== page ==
This is a slow procedure at first. But as you gain experience and confidence in yourself, the work will progress faster and be most enjoyable.
THE HARVESTING OPERATION
After you have selected the crop trees for release, you can begin harvesting your stand. First, remove trees that touch or are too close to the crowns of the crop trees. They are direct competitors. (See figure 6.)
In some high-quality stands, the trees to be removed are as high in quality as the crop tree. Although this may be disturbing, remember that most of the trees you are removing will not live to maturity. At some future time, they will be shaded out and die. Furthermore, the crop trees you release will grow faster so they will regain some of the growth you lose by removing the competition.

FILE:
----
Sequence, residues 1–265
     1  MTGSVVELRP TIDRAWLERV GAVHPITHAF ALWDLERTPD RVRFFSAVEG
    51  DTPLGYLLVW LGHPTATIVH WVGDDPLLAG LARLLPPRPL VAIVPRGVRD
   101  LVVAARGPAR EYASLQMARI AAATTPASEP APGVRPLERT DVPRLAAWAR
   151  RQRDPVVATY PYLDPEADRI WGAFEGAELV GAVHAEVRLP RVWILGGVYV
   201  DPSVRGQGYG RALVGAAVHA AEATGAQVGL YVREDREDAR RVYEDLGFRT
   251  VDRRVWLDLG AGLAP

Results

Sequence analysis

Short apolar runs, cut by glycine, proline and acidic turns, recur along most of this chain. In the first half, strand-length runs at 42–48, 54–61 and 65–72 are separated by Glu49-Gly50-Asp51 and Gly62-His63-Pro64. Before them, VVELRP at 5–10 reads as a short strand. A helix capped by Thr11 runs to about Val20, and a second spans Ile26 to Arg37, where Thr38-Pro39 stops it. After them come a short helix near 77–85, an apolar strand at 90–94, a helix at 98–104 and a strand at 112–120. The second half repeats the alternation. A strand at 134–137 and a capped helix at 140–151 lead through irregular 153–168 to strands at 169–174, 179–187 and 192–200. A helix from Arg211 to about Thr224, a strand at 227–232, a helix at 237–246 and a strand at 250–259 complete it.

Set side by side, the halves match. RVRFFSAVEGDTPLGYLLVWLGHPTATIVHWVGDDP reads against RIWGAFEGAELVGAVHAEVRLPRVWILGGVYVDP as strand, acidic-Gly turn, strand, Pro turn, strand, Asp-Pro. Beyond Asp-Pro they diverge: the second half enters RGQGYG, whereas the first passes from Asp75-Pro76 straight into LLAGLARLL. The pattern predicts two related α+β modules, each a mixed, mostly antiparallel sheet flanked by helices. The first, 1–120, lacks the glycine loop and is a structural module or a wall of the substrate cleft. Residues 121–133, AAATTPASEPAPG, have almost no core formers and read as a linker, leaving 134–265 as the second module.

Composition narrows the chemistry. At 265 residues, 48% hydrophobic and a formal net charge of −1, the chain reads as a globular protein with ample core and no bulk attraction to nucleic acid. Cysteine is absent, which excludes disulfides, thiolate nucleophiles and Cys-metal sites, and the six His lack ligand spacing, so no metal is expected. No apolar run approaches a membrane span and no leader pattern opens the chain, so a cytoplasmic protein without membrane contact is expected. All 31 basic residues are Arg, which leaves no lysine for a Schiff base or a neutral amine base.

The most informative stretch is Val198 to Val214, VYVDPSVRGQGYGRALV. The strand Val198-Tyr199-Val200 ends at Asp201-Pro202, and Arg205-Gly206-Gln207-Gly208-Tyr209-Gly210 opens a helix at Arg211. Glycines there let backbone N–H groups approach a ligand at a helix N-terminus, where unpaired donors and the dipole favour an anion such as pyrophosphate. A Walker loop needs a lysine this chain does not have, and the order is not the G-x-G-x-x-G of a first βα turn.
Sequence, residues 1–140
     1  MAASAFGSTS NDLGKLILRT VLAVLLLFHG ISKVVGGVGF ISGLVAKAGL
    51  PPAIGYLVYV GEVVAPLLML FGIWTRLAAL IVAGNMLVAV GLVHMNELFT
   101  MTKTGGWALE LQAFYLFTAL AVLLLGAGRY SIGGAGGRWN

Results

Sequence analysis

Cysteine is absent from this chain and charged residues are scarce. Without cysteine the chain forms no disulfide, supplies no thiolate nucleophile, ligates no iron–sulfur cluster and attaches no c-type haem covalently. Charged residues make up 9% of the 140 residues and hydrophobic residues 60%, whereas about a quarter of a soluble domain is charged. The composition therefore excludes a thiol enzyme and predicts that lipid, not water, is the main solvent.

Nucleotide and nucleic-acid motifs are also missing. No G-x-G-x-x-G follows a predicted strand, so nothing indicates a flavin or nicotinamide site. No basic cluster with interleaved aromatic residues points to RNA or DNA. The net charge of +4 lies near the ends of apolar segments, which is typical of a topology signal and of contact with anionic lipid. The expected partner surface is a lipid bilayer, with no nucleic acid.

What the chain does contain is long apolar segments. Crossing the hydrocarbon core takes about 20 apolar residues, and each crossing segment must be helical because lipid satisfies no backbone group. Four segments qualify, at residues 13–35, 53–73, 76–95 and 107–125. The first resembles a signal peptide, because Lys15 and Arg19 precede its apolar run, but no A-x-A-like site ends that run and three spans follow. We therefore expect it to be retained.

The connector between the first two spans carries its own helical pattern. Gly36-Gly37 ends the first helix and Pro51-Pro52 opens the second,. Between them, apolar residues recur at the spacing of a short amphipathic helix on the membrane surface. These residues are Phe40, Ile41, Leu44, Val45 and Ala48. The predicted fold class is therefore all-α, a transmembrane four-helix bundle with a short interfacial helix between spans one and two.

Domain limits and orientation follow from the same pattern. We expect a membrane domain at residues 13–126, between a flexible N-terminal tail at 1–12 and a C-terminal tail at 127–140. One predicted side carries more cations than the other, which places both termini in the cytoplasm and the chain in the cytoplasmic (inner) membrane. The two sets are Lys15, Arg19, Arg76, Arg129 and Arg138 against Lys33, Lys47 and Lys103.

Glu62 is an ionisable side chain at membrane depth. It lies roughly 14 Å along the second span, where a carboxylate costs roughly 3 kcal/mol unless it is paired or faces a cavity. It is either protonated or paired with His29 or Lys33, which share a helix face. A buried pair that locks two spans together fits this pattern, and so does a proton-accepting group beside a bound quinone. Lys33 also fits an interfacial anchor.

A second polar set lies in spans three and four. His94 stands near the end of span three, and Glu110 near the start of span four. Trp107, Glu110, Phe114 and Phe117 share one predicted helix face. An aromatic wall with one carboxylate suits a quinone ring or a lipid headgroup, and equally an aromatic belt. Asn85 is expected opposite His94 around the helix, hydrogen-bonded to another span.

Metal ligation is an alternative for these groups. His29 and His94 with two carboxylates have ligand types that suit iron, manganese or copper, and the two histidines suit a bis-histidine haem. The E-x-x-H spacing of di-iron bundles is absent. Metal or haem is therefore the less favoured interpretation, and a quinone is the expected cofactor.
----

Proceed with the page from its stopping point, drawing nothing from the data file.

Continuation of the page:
Sometimes a compromise is in order. If two high-quality trees are side by side, the best decision might be to accept both as crop trees and to release each on two sides.
In most polestands, there is an abundance of "understory" trees that are much smaller than the crop trees. Their crowns are seen below the crowns of the larger trees. In such a position, they are deprived of sunlight-nature's way of removing them from the stand. Harvest any understory trees big enough for firewood. Their removal will have little effect on the growth of the crop trees, but they will provide enough firewood to make the effort worthwhile (figure 7).
After releasing the crop trees, your next concern is the dead,
dying, and deformed trees that hinder the development of the area. Any of these
trees that have not been removed in thinning should also be harvested for
firewood. (See figure 8.)